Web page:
New rules, issued by the Centers for Disease Control and Prevention and the Occupational Safety and Health Administration, urge employers to inform outdoor workers of the risks of exposure to the Zika virus.
The virus is transmitted through mosquito bites and the agencies advise employers to train employees on how to protect themselves. The agencies say employers should provide insect repellents and encourage their use, and urge workers to wear clothing that protects their hands, arms, legs, and other exposed areas.
Employers should also consider providing workers with hats outfitted with mosquito netting to protect the face and neck. The guidelines also call on employers to consider reassigning female workers who are pregnant or may become pregnant and male workers whose partner is pregnant or may become pregnant to indoor jobs to reduce their risk of mosquito bites.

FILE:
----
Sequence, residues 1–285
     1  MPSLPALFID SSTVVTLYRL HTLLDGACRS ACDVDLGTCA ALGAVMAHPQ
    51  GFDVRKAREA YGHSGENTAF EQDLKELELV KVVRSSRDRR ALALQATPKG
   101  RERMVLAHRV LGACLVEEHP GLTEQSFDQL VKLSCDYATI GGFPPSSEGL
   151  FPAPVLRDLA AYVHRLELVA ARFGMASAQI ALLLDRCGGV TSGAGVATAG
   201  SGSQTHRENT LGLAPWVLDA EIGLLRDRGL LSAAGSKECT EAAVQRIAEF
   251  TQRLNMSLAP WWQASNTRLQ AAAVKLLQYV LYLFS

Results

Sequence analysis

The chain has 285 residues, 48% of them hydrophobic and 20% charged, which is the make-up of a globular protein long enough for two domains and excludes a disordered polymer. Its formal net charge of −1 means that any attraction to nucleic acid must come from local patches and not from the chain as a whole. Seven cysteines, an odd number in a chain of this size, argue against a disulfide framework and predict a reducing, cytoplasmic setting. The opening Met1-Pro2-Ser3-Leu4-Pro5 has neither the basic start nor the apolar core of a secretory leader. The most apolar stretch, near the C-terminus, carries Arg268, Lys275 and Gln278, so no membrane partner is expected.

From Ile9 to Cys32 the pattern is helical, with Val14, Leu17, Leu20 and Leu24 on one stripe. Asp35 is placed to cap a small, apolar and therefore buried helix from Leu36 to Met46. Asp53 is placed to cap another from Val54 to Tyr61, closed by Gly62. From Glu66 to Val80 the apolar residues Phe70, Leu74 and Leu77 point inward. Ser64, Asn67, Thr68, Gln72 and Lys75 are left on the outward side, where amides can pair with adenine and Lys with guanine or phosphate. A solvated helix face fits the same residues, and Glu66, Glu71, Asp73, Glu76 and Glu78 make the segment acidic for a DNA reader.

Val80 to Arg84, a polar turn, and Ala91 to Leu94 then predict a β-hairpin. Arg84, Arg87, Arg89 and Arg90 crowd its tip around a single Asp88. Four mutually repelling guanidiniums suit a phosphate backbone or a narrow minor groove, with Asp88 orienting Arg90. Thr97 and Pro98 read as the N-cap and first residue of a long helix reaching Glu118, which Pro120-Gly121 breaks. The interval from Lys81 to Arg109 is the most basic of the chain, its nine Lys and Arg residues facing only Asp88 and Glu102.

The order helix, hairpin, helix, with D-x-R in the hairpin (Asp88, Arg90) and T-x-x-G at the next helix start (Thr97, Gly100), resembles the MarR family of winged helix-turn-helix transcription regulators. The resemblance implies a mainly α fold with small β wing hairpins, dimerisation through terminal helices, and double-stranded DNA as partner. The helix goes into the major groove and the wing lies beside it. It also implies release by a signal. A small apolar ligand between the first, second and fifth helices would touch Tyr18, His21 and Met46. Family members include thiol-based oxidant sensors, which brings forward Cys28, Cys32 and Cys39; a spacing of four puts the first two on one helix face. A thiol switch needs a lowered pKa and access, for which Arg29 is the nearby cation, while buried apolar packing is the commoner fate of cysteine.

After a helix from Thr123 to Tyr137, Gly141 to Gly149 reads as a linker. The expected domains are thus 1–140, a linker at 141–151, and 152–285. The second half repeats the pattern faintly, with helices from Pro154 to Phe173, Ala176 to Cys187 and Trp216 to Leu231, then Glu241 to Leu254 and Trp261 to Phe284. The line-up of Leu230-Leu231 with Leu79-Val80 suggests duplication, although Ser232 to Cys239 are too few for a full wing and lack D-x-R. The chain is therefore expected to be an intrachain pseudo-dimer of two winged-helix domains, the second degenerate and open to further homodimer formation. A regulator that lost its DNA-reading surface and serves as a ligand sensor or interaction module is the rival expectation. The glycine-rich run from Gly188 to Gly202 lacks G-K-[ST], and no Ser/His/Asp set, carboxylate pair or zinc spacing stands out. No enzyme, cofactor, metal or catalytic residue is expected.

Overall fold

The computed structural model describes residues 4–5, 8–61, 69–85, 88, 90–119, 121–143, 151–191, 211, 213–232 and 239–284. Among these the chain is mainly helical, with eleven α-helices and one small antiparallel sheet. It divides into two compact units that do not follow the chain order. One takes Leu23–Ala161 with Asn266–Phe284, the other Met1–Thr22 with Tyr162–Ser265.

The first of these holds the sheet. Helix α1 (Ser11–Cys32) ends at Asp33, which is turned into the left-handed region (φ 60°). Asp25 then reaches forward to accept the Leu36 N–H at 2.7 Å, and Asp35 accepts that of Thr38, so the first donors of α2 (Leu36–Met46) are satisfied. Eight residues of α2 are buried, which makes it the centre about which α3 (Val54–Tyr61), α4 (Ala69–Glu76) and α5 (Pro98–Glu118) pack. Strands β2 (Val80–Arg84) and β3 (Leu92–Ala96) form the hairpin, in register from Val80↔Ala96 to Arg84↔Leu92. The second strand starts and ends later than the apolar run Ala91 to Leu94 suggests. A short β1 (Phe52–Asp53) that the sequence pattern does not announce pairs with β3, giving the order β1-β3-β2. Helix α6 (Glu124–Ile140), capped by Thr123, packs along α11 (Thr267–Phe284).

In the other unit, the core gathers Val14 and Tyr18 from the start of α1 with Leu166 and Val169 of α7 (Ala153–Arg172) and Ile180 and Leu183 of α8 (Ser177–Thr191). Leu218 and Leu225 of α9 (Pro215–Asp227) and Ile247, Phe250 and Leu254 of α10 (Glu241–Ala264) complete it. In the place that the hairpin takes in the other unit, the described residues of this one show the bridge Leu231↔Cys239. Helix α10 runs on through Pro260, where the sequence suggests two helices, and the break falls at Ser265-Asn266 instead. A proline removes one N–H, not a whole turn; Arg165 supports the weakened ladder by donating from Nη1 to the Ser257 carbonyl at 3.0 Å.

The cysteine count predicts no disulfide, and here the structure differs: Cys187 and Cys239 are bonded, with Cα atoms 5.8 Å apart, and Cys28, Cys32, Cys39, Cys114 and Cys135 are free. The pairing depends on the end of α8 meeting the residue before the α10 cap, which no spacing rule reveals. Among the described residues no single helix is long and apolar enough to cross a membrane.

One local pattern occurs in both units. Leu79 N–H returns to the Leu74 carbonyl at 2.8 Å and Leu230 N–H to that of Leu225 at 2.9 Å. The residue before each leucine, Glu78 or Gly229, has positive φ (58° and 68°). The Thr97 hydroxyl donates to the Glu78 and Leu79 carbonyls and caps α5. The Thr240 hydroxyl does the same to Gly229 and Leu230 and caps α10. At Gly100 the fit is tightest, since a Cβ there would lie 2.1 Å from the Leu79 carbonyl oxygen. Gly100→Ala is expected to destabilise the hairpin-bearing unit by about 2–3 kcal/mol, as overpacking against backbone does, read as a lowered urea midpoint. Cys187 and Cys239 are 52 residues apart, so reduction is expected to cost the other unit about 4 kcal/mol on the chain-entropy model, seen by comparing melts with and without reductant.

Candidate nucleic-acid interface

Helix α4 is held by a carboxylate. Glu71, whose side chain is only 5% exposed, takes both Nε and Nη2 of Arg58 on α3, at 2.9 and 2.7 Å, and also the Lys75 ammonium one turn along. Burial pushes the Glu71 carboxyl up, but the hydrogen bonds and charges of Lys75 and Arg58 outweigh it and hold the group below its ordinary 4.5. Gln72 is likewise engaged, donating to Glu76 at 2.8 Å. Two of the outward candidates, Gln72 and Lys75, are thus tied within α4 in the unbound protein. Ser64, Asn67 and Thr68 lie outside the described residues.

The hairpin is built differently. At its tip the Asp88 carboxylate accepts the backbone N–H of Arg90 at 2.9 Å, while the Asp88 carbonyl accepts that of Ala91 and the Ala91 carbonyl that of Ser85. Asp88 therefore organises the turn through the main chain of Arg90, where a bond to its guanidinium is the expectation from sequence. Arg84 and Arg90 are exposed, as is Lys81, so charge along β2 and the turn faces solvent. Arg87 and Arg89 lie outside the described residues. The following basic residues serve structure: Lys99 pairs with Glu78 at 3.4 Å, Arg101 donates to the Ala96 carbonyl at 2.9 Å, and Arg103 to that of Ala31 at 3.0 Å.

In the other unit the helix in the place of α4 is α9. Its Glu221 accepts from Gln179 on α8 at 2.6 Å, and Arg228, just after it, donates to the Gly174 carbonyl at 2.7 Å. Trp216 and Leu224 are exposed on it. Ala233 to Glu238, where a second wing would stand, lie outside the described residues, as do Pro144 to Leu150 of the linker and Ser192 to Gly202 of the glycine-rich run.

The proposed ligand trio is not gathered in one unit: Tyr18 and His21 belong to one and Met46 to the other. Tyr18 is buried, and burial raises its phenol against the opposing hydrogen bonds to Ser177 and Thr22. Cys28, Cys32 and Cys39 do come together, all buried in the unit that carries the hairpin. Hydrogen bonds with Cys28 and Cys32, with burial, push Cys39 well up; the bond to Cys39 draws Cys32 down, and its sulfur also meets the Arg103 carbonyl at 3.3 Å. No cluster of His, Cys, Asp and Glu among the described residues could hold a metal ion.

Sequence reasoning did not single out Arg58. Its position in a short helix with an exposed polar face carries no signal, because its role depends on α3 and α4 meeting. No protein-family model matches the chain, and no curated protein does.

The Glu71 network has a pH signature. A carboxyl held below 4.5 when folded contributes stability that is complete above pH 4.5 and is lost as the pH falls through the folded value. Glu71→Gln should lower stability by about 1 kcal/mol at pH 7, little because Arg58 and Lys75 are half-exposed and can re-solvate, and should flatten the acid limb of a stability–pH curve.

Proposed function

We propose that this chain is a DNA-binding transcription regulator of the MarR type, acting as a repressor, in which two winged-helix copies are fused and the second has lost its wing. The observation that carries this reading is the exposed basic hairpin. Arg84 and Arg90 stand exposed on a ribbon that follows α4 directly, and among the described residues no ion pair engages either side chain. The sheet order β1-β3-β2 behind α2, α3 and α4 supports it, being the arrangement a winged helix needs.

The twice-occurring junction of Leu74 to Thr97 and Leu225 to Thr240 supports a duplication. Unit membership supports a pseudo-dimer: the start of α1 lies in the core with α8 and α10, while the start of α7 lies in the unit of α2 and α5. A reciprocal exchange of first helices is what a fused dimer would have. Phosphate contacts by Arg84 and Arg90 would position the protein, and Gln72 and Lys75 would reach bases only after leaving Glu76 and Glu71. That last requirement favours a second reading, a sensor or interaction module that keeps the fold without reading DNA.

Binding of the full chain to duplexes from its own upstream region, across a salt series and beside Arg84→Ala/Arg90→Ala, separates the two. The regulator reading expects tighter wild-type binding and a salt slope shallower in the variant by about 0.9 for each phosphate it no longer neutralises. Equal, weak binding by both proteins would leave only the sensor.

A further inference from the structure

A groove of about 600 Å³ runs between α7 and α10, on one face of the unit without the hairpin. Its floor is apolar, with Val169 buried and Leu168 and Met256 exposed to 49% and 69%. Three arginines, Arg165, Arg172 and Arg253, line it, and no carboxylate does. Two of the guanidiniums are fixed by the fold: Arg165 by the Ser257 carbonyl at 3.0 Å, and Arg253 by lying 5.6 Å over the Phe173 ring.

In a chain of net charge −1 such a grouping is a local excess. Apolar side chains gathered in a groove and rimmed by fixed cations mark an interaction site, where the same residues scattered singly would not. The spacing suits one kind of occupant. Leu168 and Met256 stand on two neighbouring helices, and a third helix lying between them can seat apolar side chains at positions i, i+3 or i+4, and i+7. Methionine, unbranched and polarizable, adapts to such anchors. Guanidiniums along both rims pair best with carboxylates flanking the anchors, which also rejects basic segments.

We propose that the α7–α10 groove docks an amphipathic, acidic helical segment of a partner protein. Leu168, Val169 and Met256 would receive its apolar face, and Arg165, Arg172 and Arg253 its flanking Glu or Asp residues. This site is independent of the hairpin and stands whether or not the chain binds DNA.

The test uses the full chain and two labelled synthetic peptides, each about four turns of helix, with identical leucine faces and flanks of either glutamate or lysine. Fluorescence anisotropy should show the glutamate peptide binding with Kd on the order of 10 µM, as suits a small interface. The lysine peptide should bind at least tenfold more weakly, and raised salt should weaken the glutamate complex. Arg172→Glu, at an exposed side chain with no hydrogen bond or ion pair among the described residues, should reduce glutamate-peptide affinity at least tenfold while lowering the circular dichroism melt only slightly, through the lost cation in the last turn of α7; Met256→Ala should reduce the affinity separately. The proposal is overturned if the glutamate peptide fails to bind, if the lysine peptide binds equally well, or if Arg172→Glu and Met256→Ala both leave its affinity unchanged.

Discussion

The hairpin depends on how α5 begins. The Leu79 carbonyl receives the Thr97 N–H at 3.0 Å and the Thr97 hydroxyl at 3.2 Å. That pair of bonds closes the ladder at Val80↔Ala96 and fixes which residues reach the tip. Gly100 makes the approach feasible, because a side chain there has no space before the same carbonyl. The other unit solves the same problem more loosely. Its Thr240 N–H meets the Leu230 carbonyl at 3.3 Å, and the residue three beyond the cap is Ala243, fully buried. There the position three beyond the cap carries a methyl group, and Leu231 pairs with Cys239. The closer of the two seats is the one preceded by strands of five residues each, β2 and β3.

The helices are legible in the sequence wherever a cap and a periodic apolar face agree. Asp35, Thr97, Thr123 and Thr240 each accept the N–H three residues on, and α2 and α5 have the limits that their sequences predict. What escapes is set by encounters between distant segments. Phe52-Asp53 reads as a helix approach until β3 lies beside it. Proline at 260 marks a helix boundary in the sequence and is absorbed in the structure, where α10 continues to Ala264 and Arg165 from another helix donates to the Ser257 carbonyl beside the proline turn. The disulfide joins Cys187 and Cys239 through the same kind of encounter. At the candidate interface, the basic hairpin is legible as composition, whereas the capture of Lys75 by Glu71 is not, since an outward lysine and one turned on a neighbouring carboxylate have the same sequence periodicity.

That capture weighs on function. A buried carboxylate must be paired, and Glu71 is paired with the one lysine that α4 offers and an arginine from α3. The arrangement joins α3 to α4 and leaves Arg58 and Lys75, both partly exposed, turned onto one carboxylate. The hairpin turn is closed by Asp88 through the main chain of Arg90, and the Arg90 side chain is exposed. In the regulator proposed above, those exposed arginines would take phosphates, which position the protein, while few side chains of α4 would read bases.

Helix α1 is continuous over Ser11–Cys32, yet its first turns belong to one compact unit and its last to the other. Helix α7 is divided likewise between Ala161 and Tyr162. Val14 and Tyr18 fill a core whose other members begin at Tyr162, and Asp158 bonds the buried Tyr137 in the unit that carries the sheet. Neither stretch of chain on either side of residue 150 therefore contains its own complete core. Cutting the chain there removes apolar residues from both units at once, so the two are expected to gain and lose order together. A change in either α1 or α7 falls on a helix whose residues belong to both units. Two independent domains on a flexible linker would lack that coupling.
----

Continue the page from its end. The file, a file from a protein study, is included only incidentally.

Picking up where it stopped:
To prevent mosquito breeding areas, employers should remove standing water from work sites. Zika infections can cause microcephaly, a birth defect marked by small head size that can lead to severe developmental problems in babies. There is also strong scientific consensus that Zika can cause Guillain-Barre disease, which causes temporary paralysis in adults.